by Umaid Wasim
KARACHI: Regardless of whether the 2022 FIFA World Cup is a 32-team tournament or is increased to a 48-team one, Pakistan’s road to Qatar won’t be easy. While an increase in the number of teams is expected to make the qualification path less rigorous, Pakistan won’t be benefitting.
Just like qualifying for the 2018 showpiece in Russia, two preliminary round matches — within a week of FIFA’s final decision on the number teams at the World Cup — could see them end up without competitive matches for the next four years.
The Asian Football Confederation (AFC) introduced a system in the previous qualification cycle that merged the road to the World Cup and the 2019 Asian Cup together. It will be the same this time around. “The qualifying draw is on April 17 in Kuala Lumpur and the format will be the same as last time with joint Asian Cup and World Cup qualification,” an AFC spokesperson told Dawn on Thursday.
Last time out, Pakistan fell to Yemen at the first hurdle. That, combined with a dispute in the Pakistan Football Federation (PFF), meant Pakistan went more than three-and-half years without an international match.
The prevailing situation in Pakistan football means there remains uncertainty whether Pakistan will send a team to the preliminary playoff round. For now, though, they have confirmed their entry.
“Pakistan have entered the 2023 Asian Cup/2022 World Cup qualifiers,” the AFC spokesperson said, when asked if the PFF had confirmed the entry, nearly two weeks after they withdraw the team from the qualifiers of the 2023 AFC Under-23 Championship. The spokesperson added that they “don’t enter into speculation” when asked what would happen if Pakistan were to withdraw from the qualifiers.
At a dismal 199th in the FIFA rankings, as Asia’s second-worst team, Pakistan will start in the preliminary round which will feature Asia’s bottom 12 teams.
Taking the FIFA rankings from April 4 into account, there will be six seeded teams that will be drawn against one of the six unseeded teams and they will play over two legs, home and away. The six first-round winners will join the 34 top-ranked teams in the second round which will see 40 teams divided into eight groups of five.
From there, the eight group winners and the four best second-placed teams advance into the third round of World Cup qualifying whilst also confirming their berths at the Asian Cup. The second-round teams that don’t finish in the top 12, they will then continue to play for a place in the Asian Cup.
The final rounds of World Cup qualifying, however, could see a change if the number of teams are increased. A 48-team World Cup in 2022 will see Asia’s slots increased to eight from 4.5. It remains to be seen how that comes into play with FIFA proposals for expanding the Qatar World Cup including matches in its neighbouring Gulf countries.
The World Cup hosts qualify automatically with their slot taken from their confederation’s quota, according to the allocation for the 2026 World Cup — the first confirmed 48-team World Cup. “The decision though on 32 or 48 teams may mean a review of the latter stages of the competition [if increased to 48],” the AFC spokesperson said.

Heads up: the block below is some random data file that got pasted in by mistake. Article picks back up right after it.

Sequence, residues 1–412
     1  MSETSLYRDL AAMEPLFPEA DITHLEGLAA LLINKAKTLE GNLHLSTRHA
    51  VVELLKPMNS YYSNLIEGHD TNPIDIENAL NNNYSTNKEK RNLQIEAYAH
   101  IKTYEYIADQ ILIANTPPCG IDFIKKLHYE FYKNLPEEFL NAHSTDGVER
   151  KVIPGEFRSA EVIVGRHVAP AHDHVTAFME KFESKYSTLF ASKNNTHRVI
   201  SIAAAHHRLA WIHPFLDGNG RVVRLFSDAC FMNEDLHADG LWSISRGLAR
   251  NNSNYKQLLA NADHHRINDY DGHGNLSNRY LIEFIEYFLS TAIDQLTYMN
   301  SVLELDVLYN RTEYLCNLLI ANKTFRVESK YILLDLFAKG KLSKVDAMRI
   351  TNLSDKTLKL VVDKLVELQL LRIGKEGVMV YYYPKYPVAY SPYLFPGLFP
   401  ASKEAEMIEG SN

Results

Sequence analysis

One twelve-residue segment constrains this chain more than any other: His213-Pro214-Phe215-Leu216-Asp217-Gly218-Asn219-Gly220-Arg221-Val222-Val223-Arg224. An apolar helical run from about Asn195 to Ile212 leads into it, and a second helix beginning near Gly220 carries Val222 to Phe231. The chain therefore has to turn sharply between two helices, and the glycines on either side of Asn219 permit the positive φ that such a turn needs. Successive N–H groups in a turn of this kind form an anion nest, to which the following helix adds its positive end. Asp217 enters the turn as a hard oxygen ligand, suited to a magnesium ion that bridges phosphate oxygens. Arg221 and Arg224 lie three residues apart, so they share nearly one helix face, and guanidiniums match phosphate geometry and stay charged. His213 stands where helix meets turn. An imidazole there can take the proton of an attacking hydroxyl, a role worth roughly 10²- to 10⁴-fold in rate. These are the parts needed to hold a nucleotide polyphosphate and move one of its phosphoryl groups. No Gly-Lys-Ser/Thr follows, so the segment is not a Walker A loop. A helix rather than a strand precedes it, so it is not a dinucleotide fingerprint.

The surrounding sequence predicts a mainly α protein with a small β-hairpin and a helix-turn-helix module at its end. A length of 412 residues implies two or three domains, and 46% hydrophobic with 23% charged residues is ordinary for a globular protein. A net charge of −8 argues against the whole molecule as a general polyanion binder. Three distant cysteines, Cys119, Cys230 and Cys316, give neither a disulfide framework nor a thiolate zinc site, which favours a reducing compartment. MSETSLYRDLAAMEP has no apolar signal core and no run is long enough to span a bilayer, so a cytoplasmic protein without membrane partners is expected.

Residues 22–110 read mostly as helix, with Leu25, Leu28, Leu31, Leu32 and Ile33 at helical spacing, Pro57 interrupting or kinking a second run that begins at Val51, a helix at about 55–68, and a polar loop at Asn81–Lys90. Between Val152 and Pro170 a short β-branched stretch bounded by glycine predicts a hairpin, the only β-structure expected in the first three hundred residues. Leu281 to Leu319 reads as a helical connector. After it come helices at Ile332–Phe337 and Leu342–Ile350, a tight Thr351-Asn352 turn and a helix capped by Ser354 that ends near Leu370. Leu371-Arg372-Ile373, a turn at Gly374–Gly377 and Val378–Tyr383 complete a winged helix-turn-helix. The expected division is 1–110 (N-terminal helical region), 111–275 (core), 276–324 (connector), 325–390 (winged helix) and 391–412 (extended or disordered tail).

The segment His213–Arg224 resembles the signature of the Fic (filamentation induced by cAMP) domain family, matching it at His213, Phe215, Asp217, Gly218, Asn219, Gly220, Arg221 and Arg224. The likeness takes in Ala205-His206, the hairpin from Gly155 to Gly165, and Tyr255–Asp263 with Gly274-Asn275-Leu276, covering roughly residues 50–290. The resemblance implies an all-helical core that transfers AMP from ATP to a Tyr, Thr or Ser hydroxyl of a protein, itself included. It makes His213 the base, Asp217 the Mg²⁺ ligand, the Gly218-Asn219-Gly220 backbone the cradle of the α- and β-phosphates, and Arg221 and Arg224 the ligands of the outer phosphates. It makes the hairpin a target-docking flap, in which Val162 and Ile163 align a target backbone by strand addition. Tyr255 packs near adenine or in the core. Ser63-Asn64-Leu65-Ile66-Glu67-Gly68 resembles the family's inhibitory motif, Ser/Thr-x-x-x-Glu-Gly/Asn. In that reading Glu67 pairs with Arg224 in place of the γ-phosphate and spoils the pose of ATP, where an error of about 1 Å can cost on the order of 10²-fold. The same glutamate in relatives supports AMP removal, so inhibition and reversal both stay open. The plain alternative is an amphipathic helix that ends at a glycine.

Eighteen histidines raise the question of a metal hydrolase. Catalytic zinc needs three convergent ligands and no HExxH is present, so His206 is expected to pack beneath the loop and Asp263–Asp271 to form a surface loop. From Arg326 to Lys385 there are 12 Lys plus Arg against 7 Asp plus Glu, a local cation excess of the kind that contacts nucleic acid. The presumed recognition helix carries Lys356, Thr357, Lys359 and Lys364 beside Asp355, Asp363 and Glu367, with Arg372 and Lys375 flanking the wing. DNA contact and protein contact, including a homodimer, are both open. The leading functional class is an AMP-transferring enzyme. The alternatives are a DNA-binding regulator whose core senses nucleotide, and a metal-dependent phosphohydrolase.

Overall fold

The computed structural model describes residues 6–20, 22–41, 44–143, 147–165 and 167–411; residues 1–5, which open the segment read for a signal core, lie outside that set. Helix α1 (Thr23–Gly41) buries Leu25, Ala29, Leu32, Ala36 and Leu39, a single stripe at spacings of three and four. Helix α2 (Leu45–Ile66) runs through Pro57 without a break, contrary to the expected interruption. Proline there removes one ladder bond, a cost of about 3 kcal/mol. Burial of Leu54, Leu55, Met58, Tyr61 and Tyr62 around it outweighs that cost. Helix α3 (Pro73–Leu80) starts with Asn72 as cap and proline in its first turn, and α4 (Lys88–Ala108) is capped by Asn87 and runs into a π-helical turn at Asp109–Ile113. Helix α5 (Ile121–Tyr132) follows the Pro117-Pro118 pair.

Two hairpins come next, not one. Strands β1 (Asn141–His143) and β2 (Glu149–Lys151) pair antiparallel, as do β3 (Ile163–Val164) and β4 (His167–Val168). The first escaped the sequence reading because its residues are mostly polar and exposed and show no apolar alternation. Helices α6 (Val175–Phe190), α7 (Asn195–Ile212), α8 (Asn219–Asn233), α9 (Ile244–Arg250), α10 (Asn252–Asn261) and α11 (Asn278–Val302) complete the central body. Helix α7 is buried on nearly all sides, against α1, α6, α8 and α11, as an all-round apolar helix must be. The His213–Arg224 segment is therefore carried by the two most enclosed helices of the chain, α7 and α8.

FIFA will take a final decision at expanding the Qatar World Cup at its Congress in Paris on June 5. According to the AFC’s competitions calendar, Asia’s World Cup qualifying begins the very next day with the first legs of the preliminary playoff round. The second legs are scheduled for June 11.
Just making it to the pitch for the first leg match seems like a tall order for the Pakistan team which is beset with problems off the pitch.
FIFA recognises the PFF of Faisal Saleh Hayat but the Hayat-led body isn’t recognised domestically after the Supreme Court ordered fresh elections of the country’s football governing body that saw Syed Ashfaq Hussain Shah elected as Pakistan’s football chief last December.
The election did bring to a close a long-running legal wrangle that has afflicted Pakistan football since the last four years but a final decision rests in the hands of FIFA which called the court-ordered election as “third-party interference” in the affairs of its member associations.
FIFA’s Member Associations Committee will discuss the PFF case when it meets on April 3. In October last year, FIFA’s Member Associations committee had given the Hayat-led PFF an 18-month period — until March 2020 — to hold fresh elections.
After a controversial PFF election in June 2015, that sparked a dispute in the football body, Hayat was earlier given a two-year mandate in September 2015 to ratify the PFF statutes and hold fresh elections. The Hayat-led body made no headway into those issues.
The PFF was banned for six months for “third-party intervention” before FIFA lifted the suspension in March last year after Hayat was restored as the PFF chief on the orders of the Lahore High Court, which had appointed an administrator to oversee PFF affairs in 2015. The case went to the Supreme Court the very next month with the country’s apex court ordering fresh elections. Ahead of the SC-ordered election, FIFA had warned that the PFF faces possible suspension.
A suspension, during the first week of June, would naturally rule Pakistan out of the World Cup qualifiers. Even with no suspension, Pakistan continues to miss out on football. Hayat’s body isn’t sending teams to play fearing Contempt of Court. Ashfaq can’t send the team because AFC or FIFA don’t recognise him.
In that scenario, the Hayat-led body withdrew Pakistan’s entry from the qualifiers for the AFC Under-23 Championship, the tournament which was going to decide Asia’s representatives for the 2020 Tokyo Olympics. Pakistan went out of the race for the Olympics without kicking a ball. If the situation doesn’t change, they will be out of the World Cup race in similar fashion.